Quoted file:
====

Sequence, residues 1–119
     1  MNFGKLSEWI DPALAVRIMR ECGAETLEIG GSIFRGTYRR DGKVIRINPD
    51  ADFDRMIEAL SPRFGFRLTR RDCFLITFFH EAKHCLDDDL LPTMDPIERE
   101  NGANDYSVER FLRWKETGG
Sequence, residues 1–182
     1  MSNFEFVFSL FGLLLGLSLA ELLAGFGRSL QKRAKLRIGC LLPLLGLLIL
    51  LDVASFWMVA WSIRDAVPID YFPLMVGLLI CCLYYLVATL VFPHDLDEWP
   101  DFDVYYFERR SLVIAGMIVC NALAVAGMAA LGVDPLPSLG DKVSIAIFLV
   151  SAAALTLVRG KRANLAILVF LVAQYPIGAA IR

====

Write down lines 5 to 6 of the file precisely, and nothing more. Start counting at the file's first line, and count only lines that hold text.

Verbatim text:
Sequence, residues 1–182
     1  MSNFEFVFSL FGLLLGLSLA ELLAGFGRSL QKRAKLRIGC LLPLLGLLIL